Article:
Defense Secretary Jim Mattis on Thursday accused Iran of funneling money into Iraq to sway the outcome of its elections in May, calling it part of a broader pattern of destabilizing Iranian actions across the Middle East.
Mr. Mattis declined to say what outcome Iran was aiming for in Iraq, but he said it was sending “not an insignificant amount of money” to the country to sway votes. He mentioned no dollar amounts.
Iran is widely seen as gaining more influence in Iraq during its period of instability after much of northern and western Iraq was taken over by Islamic State militants in 2014. The militants have since been largely defeated, but Iraq’s political stability still hangs in the balance.
“We have worrisome evidence that Iran is trying to influence — using money — the Iraqi elections,” Mr. Mattis told reporters flying with him to Washington from the Persian Gulf island state of Bahrain, where he discussed Iran and other issues with senior government officials.
“That money is being used,” he said, “to sway candidates, to sway votes — not an insignificant amount of money, we believe, and it’s highly unhelpful.”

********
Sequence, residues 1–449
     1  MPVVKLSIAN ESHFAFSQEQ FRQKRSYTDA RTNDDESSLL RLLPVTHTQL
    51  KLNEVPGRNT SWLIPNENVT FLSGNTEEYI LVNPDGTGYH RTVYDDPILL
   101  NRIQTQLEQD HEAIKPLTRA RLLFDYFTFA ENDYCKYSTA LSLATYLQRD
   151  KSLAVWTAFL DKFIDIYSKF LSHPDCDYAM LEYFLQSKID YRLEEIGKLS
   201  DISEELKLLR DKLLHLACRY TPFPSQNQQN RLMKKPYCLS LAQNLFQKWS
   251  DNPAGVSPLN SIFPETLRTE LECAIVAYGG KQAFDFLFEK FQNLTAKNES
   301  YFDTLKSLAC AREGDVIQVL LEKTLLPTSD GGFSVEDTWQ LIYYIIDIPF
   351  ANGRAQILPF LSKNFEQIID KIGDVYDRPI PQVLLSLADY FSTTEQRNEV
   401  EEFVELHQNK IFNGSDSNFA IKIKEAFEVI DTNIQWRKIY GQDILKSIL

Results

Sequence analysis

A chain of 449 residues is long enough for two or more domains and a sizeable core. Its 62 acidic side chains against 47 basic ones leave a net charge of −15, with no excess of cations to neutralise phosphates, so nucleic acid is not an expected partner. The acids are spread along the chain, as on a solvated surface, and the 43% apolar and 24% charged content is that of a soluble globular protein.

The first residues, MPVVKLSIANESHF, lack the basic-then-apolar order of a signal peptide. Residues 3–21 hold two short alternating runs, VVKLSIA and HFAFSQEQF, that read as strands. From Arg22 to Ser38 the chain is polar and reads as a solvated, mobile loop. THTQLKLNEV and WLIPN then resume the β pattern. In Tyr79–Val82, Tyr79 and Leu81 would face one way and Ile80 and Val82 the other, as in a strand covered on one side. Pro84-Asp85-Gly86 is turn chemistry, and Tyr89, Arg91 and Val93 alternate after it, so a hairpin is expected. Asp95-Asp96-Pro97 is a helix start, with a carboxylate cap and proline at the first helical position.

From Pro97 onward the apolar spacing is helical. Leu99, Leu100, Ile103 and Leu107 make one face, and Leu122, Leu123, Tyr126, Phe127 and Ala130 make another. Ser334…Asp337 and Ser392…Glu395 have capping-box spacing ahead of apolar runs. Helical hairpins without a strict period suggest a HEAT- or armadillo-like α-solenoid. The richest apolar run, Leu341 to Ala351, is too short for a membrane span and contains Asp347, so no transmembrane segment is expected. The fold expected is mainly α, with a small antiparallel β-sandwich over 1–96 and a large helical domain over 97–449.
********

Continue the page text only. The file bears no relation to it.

“We know that they are doing what they can to impact the elections, and we don’t like it.”
Iran’s political influence in Iraq has grown since the United States invaded to remove President Saddam Hussein in 2003, marking the start of a prolonged period of sectarian division, extremist violence and political strife.
The United States still has more than 5,000 troops in Iraq supporting its fight against remaining pockets of resistance by the Islamic State, also known as ISIS. Iranian-backed Shiite militia groups also have fought ISIS, sometimes in coordination with Baghdad and sometimes not.
Mr. Mattis sharply criticized what he called Iranian meddling elsewhere in the Middle East. He said Tehran was providing ammunition and explosives to fighters in Syria and supporting rebels in Yemen.
He said the strait between the Red Sea and the Arabian Sea, off the coast of southern Yemen, was being used as a “proving ground” for advanced Iranian weaponry. This includes anti-ship missiles, mines and ballistic missiles, he said.
On the other hand, Iran has stopped conducting what the United States called provocative and dangerous maneuvers against United States Navy ships in the Persian Gulf, Mr. Mattis said.
“It’s like an outlier, and I don’t know why,” he said. “They don’t seem to be engaging in the same provocative behavior” in the Persian Gulf as they were before last summer.
Cmdr. William Urban of the Navy said earlier Thursday that there had been no “unsafe and unprofessional” actions by Iranian naval forces in the Persian Gulf since August 2017. Commander Urban is a spokesman for United States Naval Forces Central Command in Manama, Bahrain.
Before that, Iranian vessels had periodically made high-speed approaches to American ships that were considered dangerous provocations.
“It seems like they’ve absolutely made a conscious decision to give us more space,” Commander Urban said. “That is definitely a change in their behavior.”